Hair loss: The unexpected side effect of Coronavirus
Good news about vaccines this week which will certainly make a difference to our locked-down lives next year… Despite this, the number of people reporting disturbing, chronic Long Covid ailments has been growing. That’s Not My Age reader Debs Chowney, an Employment and Training Officer for a Hampshire Housing Association, caught our attention with her comment about hair loss (on the recent thinning hair feature). We thought Debs’ story might serve as both support for those suffering from Long Covid and an inspiration for others dealing with similar hair loss due to stress or illness. Experiencing the now, very typical, trajectory of the disease, Debs felt a bit achy at the end of March 2020 but found the next day the virus hit her hard, so much so that she couldn’t even lift her body out of bed. A loss of taste and smell quickly followed, and then came a debilitating cough. “I had a couple of coughing fits where I just could not catch my breath. And I was told by the doctor that, because I could speak to him on the phone, there was absolutely nothing they could do and I would have to ‘put up with it.’”
Debs wasn’t on any medication, with no underlying conditions and she says she’s always been active, “My garden is my version of a gym. I’ve got a big garden and I don’t garden pretty, I garden hard.” But even so, “if, at that time I’d been offered access to a test, I couldn’t have gone. I couldn’t have walked to the car, even with assistance, because I just didn’t have the energy to, or the ability to sit up in the car – it was that bad.” She rallied on day eight only to relapse again. “I’m a very pragmatic person,” she says, “a very, logical, hands on sort of person. My husband was really frightened, and to everyone else it looked very bad. So I began thinking, ‘if I go to sleep, I might not wake up’.”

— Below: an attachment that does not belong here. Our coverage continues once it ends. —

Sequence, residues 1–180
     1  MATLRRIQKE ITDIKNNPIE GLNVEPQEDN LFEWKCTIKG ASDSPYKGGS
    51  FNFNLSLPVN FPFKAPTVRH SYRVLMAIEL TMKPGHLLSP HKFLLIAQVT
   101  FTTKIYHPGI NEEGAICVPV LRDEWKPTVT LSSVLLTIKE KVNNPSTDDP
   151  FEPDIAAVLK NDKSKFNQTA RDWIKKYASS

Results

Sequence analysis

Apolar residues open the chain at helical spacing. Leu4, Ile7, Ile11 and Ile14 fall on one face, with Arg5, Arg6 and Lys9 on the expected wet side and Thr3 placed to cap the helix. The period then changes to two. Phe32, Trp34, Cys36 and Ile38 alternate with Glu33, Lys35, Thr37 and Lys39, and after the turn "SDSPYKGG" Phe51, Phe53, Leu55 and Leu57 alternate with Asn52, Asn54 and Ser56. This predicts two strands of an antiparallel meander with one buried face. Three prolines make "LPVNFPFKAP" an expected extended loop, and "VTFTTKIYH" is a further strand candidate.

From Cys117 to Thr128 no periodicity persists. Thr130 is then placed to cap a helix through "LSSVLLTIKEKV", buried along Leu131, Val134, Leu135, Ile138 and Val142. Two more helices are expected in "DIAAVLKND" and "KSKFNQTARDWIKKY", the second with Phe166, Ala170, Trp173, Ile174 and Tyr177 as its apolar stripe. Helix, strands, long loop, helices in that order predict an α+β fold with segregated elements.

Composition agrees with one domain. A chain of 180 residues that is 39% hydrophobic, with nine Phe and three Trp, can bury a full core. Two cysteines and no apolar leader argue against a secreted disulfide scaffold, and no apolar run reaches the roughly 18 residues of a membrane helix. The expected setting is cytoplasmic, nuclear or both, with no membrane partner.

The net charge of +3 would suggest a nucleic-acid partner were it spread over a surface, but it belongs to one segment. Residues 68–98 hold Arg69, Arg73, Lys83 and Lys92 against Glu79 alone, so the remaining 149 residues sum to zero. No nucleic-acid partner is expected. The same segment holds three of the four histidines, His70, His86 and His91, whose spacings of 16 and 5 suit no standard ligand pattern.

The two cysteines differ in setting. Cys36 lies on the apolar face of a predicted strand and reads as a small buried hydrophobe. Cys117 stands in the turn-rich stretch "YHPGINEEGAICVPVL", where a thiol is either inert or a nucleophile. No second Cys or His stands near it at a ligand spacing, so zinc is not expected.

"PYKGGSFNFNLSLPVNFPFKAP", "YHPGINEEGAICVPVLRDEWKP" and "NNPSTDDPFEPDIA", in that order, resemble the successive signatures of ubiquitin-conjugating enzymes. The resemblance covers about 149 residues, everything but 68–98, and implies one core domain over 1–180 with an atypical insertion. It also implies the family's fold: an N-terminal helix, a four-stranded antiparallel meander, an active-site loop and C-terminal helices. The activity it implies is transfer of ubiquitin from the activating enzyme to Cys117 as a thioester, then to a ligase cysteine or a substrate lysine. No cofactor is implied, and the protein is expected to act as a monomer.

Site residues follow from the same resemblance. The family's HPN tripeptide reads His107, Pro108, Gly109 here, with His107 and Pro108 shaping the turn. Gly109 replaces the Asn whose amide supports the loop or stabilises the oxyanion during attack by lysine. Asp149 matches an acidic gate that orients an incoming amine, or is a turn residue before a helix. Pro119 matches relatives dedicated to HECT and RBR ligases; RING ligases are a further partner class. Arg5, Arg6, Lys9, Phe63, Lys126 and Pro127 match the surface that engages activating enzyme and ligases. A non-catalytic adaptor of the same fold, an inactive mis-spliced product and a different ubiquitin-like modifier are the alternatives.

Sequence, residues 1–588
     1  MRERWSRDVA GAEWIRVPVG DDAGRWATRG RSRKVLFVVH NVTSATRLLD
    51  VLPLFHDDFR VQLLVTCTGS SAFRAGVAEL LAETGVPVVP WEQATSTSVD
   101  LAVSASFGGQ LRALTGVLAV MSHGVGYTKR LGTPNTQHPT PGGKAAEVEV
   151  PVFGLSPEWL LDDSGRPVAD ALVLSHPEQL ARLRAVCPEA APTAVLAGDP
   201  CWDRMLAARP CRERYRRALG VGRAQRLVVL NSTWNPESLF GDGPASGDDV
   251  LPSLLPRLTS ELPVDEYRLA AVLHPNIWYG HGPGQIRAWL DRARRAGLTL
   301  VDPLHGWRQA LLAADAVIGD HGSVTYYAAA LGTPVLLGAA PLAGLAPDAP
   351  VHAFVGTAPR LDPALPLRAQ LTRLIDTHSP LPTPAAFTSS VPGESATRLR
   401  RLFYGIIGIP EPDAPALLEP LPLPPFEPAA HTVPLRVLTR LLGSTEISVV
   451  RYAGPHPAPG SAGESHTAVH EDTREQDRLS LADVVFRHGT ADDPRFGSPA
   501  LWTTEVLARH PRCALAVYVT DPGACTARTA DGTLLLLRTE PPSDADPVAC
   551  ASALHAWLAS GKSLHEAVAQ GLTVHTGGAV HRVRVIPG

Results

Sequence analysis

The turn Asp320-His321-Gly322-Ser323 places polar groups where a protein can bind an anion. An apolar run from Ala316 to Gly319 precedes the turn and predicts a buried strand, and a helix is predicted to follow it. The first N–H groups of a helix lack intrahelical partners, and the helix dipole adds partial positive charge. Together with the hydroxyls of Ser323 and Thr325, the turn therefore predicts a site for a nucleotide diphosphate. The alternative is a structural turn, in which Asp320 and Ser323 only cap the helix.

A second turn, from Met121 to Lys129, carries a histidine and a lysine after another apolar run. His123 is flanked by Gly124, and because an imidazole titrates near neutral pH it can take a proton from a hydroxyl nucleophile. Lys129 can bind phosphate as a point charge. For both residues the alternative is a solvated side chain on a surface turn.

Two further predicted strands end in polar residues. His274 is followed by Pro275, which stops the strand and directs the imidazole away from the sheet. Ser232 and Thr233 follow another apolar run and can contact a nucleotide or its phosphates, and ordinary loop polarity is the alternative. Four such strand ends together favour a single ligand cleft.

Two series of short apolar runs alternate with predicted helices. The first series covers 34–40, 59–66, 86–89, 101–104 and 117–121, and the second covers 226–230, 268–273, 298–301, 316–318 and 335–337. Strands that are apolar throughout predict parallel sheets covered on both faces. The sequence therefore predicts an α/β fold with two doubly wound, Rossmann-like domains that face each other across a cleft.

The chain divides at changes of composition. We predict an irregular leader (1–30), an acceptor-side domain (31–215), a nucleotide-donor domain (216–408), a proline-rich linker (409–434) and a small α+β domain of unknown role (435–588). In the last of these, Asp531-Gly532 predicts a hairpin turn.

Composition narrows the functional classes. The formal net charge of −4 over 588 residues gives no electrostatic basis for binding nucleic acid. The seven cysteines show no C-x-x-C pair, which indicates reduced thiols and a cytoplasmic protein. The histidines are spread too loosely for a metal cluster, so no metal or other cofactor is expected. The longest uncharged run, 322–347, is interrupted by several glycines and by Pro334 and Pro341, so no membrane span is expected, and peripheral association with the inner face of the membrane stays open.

Over a fortnight she also experienced delusional night fevers and other – now familiar – symptoms like swollen purple feet. “Day 13-15, the cough stopped. I hadn’t eaten for a fortnight really. Everything tasted like I was licking a penny, metallic, but nasty. I could smell like something was burning around me, all the time. It would come and go, along with odd shooting pains like someone was stabbing my feet.“ She was still experiencing breathlessness, however, so she rang her GP and they gave her antibiotics. “They didn’t want to risk that I had a chest infection,” she says. “When I breathed in, I could feel an odd sensation in my lungs. It felt like they were wet – they’ve been mentioning something called ‘ground glass syndrome’ – I could ‘feel’ my breathing.